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CMMC Accreditation Launch Moving Forward Despite Pandemic, Arrington Says

Though some regulatory procedures have been impacted, accreditation board is already working with industry.

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Under Secretary of Defense for Acquisition and Sustainment Ellen M. Lord, Kevin Faheny and Katie Arrington speak at a press briefing at the Pentagon in January.
Under Secretary of Defense for Acquisition and Sustainment Ellen M. Lord, Kevin Faheny and Katie Arrington speak at a press briefing at the Pentagon in January. Photo Credit: Defense Department/DVIDS

Spurred on by several national-level reports on cyber readiness and what must be done to improve cybersecurity both in government agencies and for vendors, especially in the defense industrial base, the Defense Department is moving forward with the Cybersecurity Maturity Model Certification. The CMMC is an ambitious program that will allow vendors to gain insight on where their cybersecurity practices are rather than simply passing or failing a compliance review.

“This didn’t come out of the blue,” said DOD Office of Acquisition CISO Katie Arrington.

Rather, both the Cybersecurity Solarium Commission’s March report, as well as reports from the MITRE Corporation and the U.S. Navy informed CMMC’s requirements and the way the DOD is going about establishing training and education. CMMC is also a result of over two years of legislative efforts that have emphasized defense acquisition security.

Although COVID-19 has created some obstacles for implementing CMMC, most facets of the program, including establishing the accreditation body that will be responsible for assessing vendors’ security, are moving forward with little difficulty. Developing those requirements is a critical part of the program, given that they will affect cybersecurity and national security for years to come.

“The premise of all of this is that we’re doing a DFARS [Defense Federal Acquisition Regulation Supplement] rule change,” Arrington said.

Under the original plans for CMMC rollout, public hearings regarding the DFARS change would have occurred in early May. The technologies and procedures for those hearings are not currently in place; nevertheless, Arrington emphasized that this hurdle has not affected her office’s work on training and accreditation. The next step, she said, is working with industry to understand where vendors of all sizes are in their cybersecurity programs and ensuring they know how to proceed.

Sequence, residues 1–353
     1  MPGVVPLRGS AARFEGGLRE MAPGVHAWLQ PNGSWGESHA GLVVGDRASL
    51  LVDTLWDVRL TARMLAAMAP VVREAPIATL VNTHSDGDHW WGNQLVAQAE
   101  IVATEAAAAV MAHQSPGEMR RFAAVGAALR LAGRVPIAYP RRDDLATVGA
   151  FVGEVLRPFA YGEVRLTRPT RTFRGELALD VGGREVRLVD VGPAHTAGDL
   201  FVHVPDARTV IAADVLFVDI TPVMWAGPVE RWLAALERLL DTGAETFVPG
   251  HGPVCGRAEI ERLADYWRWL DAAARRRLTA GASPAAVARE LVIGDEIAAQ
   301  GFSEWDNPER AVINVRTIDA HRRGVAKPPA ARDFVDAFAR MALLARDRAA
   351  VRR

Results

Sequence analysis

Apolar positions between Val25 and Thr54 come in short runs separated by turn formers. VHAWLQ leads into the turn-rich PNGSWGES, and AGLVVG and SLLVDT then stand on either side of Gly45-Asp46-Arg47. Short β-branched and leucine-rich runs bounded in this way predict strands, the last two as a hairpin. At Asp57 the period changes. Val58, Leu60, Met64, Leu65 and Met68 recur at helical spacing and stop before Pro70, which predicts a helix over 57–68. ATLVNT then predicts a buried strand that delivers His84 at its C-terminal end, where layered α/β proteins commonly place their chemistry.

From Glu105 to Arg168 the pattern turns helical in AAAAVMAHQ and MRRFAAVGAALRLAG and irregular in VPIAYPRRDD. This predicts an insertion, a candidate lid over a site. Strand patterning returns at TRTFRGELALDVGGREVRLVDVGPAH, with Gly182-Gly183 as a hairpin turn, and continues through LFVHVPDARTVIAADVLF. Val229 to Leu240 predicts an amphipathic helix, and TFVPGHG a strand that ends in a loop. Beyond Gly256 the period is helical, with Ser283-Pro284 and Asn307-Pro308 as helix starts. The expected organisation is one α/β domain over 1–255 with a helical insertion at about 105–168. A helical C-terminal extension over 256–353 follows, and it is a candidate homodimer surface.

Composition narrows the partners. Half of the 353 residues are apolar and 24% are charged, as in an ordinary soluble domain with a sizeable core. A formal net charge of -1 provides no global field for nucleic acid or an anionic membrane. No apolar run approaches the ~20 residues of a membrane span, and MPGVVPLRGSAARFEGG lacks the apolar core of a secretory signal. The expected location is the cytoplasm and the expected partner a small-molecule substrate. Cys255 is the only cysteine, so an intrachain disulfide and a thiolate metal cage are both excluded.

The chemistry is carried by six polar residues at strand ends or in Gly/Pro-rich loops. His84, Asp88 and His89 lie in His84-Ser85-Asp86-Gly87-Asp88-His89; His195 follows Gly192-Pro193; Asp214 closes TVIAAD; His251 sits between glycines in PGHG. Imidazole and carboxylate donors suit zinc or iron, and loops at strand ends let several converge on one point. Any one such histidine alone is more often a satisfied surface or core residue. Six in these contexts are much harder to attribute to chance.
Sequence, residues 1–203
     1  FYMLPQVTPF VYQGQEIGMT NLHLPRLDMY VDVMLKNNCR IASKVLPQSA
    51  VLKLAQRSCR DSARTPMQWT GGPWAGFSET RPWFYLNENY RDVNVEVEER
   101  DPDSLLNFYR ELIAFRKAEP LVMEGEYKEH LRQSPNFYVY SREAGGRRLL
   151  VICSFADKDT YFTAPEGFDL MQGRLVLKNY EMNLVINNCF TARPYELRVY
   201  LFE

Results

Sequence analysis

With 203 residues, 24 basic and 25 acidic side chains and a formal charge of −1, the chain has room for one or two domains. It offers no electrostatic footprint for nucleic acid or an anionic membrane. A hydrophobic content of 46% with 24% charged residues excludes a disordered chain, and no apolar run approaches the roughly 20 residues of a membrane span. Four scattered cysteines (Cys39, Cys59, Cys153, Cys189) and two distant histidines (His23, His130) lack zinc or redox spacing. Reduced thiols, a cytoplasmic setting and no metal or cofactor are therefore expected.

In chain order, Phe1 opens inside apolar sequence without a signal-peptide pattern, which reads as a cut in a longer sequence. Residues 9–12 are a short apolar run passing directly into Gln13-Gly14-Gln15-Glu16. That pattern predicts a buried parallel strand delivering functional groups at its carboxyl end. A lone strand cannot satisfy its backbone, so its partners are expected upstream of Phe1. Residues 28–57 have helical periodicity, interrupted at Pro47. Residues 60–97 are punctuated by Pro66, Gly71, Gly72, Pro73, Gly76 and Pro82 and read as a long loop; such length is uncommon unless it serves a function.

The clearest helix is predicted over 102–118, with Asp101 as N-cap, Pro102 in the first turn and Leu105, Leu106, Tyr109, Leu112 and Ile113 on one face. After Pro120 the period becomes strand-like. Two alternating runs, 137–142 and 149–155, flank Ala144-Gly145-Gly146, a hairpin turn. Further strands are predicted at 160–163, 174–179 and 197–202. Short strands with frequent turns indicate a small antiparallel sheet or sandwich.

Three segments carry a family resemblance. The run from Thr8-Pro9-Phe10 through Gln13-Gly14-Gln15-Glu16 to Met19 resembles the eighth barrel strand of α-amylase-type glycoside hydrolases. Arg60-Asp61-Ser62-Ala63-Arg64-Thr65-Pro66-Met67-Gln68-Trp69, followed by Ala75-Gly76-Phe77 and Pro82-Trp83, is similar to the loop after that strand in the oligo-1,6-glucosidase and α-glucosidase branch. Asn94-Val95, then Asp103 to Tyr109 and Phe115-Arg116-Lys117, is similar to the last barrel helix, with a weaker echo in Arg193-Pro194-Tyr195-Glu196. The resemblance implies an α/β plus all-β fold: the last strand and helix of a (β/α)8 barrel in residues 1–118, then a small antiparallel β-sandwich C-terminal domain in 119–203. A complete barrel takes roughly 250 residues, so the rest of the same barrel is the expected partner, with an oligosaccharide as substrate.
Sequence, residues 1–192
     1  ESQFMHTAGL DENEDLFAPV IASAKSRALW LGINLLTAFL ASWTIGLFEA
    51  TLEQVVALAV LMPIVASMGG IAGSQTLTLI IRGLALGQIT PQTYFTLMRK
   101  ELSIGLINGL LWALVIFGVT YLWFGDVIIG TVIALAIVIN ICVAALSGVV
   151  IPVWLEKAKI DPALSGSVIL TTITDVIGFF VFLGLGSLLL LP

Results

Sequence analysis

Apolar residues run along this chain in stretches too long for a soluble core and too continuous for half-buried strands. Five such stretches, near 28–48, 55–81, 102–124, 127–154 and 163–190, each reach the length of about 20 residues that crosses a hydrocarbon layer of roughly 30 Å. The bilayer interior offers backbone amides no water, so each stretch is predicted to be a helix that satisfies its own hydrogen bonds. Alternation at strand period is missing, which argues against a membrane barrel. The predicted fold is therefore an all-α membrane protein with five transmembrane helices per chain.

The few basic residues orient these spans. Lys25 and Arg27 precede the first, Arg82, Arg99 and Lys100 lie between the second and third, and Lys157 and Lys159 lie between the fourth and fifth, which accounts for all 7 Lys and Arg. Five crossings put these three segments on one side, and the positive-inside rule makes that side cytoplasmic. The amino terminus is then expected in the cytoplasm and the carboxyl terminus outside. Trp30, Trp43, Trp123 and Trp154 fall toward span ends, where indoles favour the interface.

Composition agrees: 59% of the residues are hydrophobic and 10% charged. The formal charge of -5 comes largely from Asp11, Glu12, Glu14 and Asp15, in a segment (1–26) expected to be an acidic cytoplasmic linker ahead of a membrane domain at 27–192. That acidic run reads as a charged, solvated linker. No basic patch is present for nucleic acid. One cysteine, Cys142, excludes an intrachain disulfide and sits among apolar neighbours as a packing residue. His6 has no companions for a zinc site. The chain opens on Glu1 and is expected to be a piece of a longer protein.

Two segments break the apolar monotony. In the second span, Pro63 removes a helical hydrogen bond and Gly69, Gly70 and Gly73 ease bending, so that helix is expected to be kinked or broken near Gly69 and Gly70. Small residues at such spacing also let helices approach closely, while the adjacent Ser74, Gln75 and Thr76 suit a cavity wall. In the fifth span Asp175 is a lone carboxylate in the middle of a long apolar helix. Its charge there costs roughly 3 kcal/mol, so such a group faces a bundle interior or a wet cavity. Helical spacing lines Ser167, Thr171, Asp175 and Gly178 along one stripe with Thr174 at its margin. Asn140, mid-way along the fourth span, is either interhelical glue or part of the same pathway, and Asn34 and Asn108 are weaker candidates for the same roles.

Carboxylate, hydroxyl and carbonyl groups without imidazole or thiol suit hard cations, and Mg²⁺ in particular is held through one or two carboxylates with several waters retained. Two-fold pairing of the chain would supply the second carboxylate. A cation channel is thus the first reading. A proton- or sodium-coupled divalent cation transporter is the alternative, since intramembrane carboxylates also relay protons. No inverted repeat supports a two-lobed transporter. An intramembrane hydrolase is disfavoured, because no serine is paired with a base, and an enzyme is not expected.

“I don’t believe for a second that where we are in cybersecurity is out of intent,” Arrington said, underscoring that there are known flaws in mission-critical systems in the DOD — including in weapons systems — and fixing those is of the utmost priority. Arrington expects that the current pandemic is only heightening the importance of improvement.

“World War II changed the way we build things,” Arrington underscored. “9/11 changed the way we moved. COVID has changed the way we interact with one another … cyber has allowed us to [flourish] in the past seven or eight weeks.”

“We embody the rallying cry of: ‘We must make this happen,’” agreed Ty Schieber, board chairman of the CMMC Accreditation Body. “We’re not letting COVID get in the way of our aggressive schedules.”

Most recently, the board identified the CMMC “ecosystem,” to better understand what the accreditation body and auditors should look like and how they will carry out their assessments. Schieber said the board has not yet made a determination on how to carry out training and education online during the pandemic, but as a professor at the University of Virginia, he hopes to offer his insights for making that determination.

Arrington stressed that one of CMMC’s goals is to “change the culture for small business,” recognizing that small businesses are often more nimble and innovative in the defense industrial base than large ones, but can also struggle with knowing how to establish robust cybersecurity programs that meet DOD standards.

All defense industrial base vendors will receive a CMMC grade level between 1 and 5; while DOD RFPs will require a minimum of a level 3 certification, levels 1 and 2 give those small businesses both a clear understanding of where they are in their progress and what steps they need to take to attain the next level.

“We’re trying to reduce costs, not build them,” Arrington said. “We’re trying to reduce bureaucracy and speed up processes.”

Last week, Arrington announced that DOD is working with GSA to ensure there is reciprocity between CMMC and Federal Risk and Authorization Management Program (FedRAMP) certifications. Her office is also establishing a public website to support cybersecurity for small businesses and working with DOD Professional Technical Assistance Centers (PTACs) to help small businesses prepare for audits.

Arrington said that both Undersecretary of Defense for Acquisition and Sustainment Ellen Lord and Defense Secretary Mark Esper have said that it is essential to “make this affordable and easy for small business, because we cannot afford to lose them.”

These comments come amid other updates for the CMMC process. The deadline for mandatory CMMC compliance has been shifted back, with the first RFPs featuring CMMC requirements arriving in November.

“We need to make sure companies have all the resources possible,” Arrington said, “because [the companies] are our national defense.”

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